The man then asks about the next parrot to be told that this one costs 1,000 dollars because it can do everything the other parrot can do plus it knows how to use the UNIX operating system.

 Naturally, the increasingly startled man asks about the third parrot to be told that it costs 2,000 dollars.

Needless to say this begs the question, "What can it do?"

 To which the shop owner replies, "to be honest I have never seen it do a thing, but the other two call him boss!"

(copied from http://www.workjoke.com/managers-jokes.html)

Tuesday, 4 September 2012

How to become 'Solution Architect'

Every Java developer's aim (mostly) is to become 'Solution Architect' because of the glamour this word has (another motivating factor is decent pay). I am also a Java developer and sometimes I try to relate my experience and knowledge to assess where I stand. Definitely long way to go to become Solution Architect. I have few thoughts on how to become Solution Architect. I am sharing few of them.

Before that, I want to make it clear what is Solution Architect in my own terms. Who is Solution Architect:

- A developer who is ready to code.
- A designer who is ready to draw UML diagrams.
- A coordinator who talks to project stakeholders to get requirements (functional & non-functional).
- A translator who translates business needs to technical requirements and vice versa.
- An estimator who can estimate project's cost and man days.
- A troubleshooter who can debug a problem and provides mitigating strategy (or solution).
- A process improver who suggests ways to improve process and productivity.
- A mentor who is ready to share his knowlege with his team and enlightens them.
- A person who have deep knowledge and experience in one technology and comfortable knowledge on other technolgoies.
- A good presenter with good presentational skills.
- Finally someone who takes blame if things go worse.

Ofcourse above criteria is very vague and differs from organization to organization. Well, how one person can develop so many qualities. I read somewhere that to become Solution Architect the best way is to act like one. So one developer thinks he/she is a Solution Architect what will happen?

 In positive terms, the thinking process changes, its totally a different perspective. As a saying goes... "A developer is concerned with what will happen when user clicks a button, an Architect is concerned with what will happen when 10,000 users click a button."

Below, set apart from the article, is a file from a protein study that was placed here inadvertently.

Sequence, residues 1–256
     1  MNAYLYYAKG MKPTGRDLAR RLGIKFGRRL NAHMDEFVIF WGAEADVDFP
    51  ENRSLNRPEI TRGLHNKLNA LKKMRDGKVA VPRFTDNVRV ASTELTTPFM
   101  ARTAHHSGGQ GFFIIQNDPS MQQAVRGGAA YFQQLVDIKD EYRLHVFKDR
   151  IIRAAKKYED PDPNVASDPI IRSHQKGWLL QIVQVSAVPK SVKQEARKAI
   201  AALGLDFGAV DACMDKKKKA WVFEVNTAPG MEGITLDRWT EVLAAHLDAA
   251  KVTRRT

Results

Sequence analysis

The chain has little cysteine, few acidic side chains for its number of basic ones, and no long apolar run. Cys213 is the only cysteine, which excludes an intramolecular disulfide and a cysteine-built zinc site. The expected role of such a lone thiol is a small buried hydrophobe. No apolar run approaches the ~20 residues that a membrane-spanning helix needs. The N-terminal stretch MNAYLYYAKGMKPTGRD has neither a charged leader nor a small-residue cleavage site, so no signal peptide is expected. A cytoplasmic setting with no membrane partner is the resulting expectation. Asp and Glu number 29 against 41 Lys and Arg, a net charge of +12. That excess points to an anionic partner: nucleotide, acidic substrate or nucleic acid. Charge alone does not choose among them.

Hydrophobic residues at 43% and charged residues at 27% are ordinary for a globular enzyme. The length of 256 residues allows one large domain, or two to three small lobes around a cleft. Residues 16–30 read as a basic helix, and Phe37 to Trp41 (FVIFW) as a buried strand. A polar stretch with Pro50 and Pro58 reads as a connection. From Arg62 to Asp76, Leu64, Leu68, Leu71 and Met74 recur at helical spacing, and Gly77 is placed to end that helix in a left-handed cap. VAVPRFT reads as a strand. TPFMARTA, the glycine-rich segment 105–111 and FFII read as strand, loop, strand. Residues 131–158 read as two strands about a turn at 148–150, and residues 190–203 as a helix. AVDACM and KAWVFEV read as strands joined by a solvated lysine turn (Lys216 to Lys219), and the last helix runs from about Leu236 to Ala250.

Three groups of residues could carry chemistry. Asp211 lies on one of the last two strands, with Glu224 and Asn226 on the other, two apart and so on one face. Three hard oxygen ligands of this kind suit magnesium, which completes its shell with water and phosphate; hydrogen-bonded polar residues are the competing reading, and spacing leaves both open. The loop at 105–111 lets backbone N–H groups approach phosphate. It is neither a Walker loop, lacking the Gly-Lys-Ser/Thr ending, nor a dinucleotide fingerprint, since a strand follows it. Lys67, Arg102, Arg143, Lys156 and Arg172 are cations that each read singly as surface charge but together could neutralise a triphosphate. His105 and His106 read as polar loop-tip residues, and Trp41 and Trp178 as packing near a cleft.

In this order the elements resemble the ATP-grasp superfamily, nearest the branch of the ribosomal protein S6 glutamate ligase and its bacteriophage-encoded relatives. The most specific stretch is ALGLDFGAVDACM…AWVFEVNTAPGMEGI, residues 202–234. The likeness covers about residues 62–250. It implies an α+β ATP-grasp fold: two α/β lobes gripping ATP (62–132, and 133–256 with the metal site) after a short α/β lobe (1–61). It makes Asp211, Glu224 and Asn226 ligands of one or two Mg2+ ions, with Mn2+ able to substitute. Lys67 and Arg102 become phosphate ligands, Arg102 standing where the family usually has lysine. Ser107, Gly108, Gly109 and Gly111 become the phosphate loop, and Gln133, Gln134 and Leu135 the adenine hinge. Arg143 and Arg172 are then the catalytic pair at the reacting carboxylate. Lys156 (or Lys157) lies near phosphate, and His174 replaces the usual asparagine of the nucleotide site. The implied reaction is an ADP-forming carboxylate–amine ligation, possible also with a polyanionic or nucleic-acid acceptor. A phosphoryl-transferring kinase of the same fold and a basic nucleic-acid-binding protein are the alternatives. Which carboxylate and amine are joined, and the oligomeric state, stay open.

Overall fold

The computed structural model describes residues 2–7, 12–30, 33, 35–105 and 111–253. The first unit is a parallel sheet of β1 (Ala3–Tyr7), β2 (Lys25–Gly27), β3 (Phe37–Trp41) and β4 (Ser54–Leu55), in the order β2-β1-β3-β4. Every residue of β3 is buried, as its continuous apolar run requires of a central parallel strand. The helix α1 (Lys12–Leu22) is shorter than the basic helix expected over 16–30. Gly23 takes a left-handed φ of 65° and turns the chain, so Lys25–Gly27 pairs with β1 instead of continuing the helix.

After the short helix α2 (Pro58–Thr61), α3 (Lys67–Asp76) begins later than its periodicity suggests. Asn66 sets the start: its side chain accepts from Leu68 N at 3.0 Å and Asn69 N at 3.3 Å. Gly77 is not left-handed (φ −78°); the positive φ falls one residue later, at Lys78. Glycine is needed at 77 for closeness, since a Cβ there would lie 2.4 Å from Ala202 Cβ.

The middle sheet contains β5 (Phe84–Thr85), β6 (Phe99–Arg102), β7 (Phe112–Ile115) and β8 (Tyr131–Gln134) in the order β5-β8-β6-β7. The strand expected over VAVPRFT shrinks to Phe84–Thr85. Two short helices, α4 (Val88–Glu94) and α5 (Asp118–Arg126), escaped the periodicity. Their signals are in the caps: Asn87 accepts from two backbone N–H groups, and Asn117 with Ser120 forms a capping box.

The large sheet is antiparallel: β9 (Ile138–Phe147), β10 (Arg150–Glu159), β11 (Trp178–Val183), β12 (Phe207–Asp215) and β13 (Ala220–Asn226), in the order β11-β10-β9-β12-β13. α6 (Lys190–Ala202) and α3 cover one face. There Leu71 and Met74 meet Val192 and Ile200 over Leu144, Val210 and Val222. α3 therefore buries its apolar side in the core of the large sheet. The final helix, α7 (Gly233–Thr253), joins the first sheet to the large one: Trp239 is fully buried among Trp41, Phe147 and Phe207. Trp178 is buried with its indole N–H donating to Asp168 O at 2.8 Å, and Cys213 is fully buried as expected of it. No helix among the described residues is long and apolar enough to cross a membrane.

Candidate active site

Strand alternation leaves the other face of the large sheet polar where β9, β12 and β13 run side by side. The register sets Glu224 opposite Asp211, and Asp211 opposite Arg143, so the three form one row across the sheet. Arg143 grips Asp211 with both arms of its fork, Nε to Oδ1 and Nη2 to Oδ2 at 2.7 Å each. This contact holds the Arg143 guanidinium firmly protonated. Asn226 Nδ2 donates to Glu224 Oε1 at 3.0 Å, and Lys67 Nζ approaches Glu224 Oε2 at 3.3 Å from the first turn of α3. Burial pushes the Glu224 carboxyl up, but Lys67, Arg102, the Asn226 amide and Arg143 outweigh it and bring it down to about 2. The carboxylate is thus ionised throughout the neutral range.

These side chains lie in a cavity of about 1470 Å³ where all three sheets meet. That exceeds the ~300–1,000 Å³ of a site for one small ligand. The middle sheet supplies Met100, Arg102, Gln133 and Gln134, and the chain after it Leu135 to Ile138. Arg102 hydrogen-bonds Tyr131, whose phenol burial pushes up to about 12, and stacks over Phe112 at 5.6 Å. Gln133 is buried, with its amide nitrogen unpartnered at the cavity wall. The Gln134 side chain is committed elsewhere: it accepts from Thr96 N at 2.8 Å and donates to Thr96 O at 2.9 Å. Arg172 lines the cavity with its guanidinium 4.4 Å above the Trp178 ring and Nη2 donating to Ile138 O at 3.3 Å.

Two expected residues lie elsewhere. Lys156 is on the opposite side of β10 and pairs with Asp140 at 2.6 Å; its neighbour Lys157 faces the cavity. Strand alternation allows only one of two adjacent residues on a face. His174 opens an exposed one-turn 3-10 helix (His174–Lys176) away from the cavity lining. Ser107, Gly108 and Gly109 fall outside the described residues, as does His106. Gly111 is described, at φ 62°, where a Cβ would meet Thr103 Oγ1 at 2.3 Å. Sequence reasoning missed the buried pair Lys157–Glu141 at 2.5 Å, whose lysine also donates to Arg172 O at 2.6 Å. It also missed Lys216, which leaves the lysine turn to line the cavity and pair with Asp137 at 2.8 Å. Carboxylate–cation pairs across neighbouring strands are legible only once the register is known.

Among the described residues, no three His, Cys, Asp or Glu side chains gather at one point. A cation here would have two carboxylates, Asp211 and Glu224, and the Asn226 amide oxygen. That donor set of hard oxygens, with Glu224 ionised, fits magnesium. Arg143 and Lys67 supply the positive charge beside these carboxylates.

If you assign a task to a developer all his focus is only on coding, he will start coding right infront you and a hurry to deliver the code. However if you think an architect, instead of opening up your IDE you will surely ask questions.

Questions could be related to funtionality, maintenance, design, security and performance etc. Also you try to give best refactored code with patterns used whenever applicable. This is the difference. The best way to become Solution Architect is to think like one. Give best in what ever you do. Think of all aspects of a system not just code.

Since architecture is the basis for project and business, it should have solid foundation. If architecture is not scalable the risk is severe because rest of the system components are going to rely on the architecture. So the architect should fully undetstand stakeholder needs and try to leverage their needs with cost and timeline.

Becoming architect is not just a week's work and we cannot become architects by sitting in caves or by attending trainings. Its a continuous process. We constantly need to update our knowledge beyond our skill areas. We need to show great enthusiams to solve problems and we must have good patience with positive attitude. I always believe that Solution Architct is a role rather than a designation.

For all of the developers who wants to become architects, Good luck and bon voyage!